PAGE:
10/02/2011 | by tristan
Words & Photos by Tristan
Big guns Peetu Piiroinen and Kelly Clark won the Burton European Open Halfpipe titles today. That might seem like a reasonably predictable result, but there was nothing inevitable about either win. Kelly Clark was run close by some uper-stylish riding from the rest of the field, including Spain’s Queralt Castellet, and young Japanese kid Yuki Furihata, who finished second and third respectively. Meanwhile Peetu (incredibly!) fell on both his first and second runs, only pulling it out of the bag right at the end when the pressure was really on. In classic Peetu style, he modestly claimed: “Oh. Well, I was quite surprised. I thought Iuori [Podlatchikov, who came third] and Kazu [Kokubo, who came second] did more technical runs than me.” But Peetu was going huge, and with the new Snowboard Live Scoring system (which awards a score for overall flow) technicality isn’t everything. As Terje Haakonsen pointed out to cheers at the prize giving “you know, sometimes style is better than technicality”.
Unfortunately, the weather hadn’t allowed the ladies to really show what they’d got. Heavy cloud this morning meant that the semis were cancelled, and instead of having a three-run final, all 21 girls who’d qualified so far were ushered into a mega-final – the catch being that they only had time for two runs each. This meant that the first runs were played relatively safe, with the second runs kept for something a little bit special.
In Kelly’s case, this meant throwing down a run that put her in first straight away, and then going for a massive front 10 on the first hit of her second. Unfortunately she couldn’t hold on to the landing, but the amplitude alone made it worth shouting about. Like Jamie Anderson in yesterday’s slopestyle however, the score she posted first time around was so high that no-one could match it. Not that they didn’t try.
Yuki Furihata’s stylish inverts looked like they might challenge for the title, and Queralt Castellet (who had kept things simple first time round) stomped a second run that included with a massive 900, a trick she’d never landed in competition before! She’d been to Laax before, but never really got anywhere. But now, fresh off the back of two Dew Tour wins, this Spanish lass is definitely one to watch. Holly Crawford, one of the large Aussie contingent that’s made it across for this competition, was going bigger than pretty much anyone else. But her amplitude wasn’t matched by the technicality of her tricks, meaning she was always going to struggle to score high.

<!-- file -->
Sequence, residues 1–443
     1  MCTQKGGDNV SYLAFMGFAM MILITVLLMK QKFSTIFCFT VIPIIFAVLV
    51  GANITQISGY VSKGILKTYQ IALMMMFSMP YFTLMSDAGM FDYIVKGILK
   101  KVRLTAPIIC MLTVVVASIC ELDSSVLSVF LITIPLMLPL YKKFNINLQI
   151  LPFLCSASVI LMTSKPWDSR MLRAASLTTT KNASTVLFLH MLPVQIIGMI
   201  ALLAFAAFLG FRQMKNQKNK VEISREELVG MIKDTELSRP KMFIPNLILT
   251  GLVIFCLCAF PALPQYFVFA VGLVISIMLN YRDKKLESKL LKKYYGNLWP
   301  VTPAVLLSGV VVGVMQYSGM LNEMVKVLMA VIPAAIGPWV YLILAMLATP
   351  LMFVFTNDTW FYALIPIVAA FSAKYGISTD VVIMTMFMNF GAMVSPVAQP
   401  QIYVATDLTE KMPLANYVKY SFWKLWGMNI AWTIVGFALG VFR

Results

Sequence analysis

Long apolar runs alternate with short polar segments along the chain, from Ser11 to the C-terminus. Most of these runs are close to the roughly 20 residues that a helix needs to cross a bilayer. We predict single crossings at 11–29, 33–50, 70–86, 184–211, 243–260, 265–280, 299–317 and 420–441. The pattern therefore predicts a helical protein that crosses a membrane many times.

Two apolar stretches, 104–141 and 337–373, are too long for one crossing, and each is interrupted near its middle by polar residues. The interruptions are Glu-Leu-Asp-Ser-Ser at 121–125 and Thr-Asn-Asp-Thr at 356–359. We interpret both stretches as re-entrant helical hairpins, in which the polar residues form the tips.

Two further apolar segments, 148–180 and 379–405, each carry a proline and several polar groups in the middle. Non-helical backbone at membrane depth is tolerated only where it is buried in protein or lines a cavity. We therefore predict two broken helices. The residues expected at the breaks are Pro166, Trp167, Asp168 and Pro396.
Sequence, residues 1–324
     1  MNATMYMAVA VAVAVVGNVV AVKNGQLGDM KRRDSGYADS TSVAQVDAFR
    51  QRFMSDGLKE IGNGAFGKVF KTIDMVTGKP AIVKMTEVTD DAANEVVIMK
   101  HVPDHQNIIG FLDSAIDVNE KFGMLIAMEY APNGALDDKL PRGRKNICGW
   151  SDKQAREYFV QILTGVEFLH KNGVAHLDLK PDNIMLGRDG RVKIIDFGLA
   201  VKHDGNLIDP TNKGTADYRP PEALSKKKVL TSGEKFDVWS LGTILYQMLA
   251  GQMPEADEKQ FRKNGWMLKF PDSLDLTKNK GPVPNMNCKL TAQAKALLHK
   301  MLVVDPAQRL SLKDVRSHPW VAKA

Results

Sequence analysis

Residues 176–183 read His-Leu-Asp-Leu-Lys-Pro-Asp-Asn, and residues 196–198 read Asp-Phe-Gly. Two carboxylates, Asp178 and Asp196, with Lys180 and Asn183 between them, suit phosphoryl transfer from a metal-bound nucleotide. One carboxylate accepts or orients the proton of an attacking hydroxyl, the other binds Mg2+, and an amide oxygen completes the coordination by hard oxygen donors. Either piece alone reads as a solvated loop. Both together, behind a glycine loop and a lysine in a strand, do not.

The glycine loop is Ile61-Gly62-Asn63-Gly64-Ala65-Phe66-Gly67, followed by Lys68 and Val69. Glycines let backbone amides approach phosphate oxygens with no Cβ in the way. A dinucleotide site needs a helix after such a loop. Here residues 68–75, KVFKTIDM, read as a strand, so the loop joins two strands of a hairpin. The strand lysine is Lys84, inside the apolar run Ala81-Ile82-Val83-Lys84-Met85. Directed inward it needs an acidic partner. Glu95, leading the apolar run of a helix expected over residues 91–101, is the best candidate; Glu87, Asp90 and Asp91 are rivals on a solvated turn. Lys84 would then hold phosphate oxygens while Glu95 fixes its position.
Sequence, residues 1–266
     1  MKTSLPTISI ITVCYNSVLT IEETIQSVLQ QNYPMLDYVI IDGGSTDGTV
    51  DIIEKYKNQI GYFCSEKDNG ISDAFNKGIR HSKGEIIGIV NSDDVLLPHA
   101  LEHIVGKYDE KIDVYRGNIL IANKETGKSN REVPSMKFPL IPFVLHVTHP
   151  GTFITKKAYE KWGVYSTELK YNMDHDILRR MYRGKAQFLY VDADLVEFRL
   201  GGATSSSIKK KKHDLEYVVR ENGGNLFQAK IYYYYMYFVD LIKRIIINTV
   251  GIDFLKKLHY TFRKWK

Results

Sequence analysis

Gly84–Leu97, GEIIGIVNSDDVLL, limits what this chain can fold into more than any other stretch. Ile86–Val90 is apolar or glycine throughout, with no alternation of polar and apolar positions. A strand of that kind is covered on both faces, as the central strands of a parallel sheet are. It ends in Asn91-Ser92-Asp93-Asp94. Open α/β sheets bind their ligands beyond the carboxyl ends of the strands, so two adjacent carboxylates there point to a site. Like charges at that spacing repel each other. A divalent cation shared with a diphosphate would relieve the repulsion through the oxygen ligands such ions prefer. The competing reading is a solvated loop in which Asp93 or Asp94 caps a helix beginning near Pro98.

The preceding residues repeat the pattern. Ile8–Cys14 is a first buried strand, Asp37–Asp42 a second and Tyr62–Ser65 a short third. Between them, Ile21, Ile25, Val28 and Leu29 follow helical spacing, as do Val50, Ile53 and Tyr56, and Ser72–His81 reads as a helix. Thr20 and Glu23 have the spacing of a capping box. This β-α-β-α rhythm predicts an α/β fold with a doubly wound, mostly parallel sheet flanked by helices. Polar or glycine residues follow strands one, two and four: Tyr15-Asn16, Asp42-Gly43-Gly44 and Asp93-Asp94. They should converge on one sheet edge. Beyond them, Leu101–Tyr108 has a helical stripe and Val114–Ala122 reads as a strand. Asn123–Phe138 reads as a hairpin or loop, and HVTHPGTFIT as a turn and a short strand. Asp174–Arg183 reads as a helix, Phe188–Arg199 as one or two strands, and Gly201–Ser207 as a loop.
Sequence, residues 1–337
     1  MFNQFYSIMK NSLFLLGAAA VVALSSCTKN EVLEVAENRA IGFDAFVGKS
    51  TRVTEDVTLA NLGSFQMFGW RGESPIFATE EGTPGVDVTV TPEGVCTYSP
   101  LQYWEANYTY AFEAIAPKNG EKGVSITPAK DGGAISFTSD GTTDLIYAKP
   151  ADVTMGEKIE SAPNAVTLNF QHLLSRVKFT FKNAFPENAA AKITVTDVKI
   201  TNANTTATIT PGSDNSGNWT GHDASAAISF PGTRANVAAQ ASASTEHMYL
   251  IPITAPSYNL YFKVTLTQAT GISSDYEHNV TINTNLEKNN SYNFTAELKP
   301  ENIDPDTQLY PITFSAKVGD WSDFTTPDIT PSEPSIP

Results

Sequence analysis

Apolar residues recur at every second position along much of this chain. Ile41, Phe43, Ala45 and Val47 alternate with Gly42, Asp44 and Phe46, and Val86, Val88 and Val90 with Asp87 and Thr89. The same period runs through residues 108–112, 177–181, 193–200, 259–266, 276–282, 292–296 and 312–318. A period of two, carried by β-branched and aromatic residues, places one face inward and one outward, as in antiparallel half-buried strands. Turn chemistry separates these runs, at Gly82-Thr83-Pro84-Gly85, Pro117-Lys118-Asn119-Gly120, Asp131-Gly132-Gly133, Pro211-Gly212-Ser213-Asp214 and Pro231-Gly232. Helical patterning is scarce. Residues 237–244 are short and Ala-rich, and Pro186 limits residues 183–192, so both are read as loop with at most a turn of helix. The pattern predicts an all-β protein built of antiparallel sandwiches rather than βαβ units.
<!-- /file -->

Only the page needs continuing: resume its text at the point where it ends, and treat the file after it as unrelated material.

Kjersti Oestergaard Buaas, a veteran of such comps, fell on her first run. But she came out of the gates for the second with all guns firing, throwing down arguably the most stylish combos of the day, including a sick backside five and a super-stylish air to fakie – surely one of the best looking tricks in the pipe.
By the time the men’s practise had finished and the finals were about to start, the pipe could have been on a different planet from the morning. Blazing sunshine had burned off the cloud cover, setting everything up nicely just in time for the live broadcast on Swiss TV – a huge publicity coup for the Burton crew. Understandably, everyone was pretty stoked that they could see, and as the crowds of shred-heads were joined by skiers up for the weekend, the atmosphere really started to pick up. The riders did their best to impress, whipping out all their best moves. Thankfully, the weather meant they got three runs each too.
Markus Keller rinsed out, with huuuuuge frontside alley-oops bringing cheers to his home crowd. Young Jan Scherrer was also looking good. But after I-Pod landed heavily on the coping on the final hit of his first run (an attempt at his double mctwist 1260) and Peetu had fallen, everything was suddenly thrown wide open.
Arthur Longo, the French Volcom rider had qualified in first, meaning he dropped last. He was going ridiculously well until the final hit, where he slammed down half way through a double cork 10, catching the coping in the small of his back and clattering to the deck. As marshalls ran up to see if he was OK, Arthur shook himself a bit and rode down. But he was obviously shaken and on he fell again on his second run. By the time the first runs had been run, it was the relatively unknown (but seriously sick) young American Benji Farrow was in the lead!
The second runs saw Iikka-Eemeli Laari move briefly into second, before I-Pod kicked him down a spot by stomping two doubles – one of them the double mctwist 1260. Kazu meanwhile, held onto his run, but didn’t impress the judges enough to switch things around at the top, leaving him in second. Things were getting serious for Peetu as well, as he stacked his double cork again.
But like always with Peetu, when the chips are down and he needs to pull something out of the bag, he does. His final run was so clean, so balls-out, and so stylish that it took him straight to the top of the leaderboard. And despite Kazu stomping a better run that took him into second, he couldn’t shift the Finn from the top spot. So when I-Pod fell on the double mctwist again the title was Peetu’s.
Burton European Open Halfpipe – Results
1 Peetu Piiroinen
2 Kazuhiro Kokubo
3 Iuori Podlatchikov
4 Benji Farrow
5 Iikka-Eemeli Laari
6 Scotty James
7 Jan Scherrer
8 Markus Malin
9 Arthur Longo
10 Markus Keller
1 Kelly Clark
2 Queralt Castellet
3 Yuki Furihata
4 Kjersti Oestergaard Buaas
5 Soko Yamaoka
6 Linn Haug
7 Cilka Sadar
8 Ursina Haller
9 Nadja Putschert
10 Kendall Brown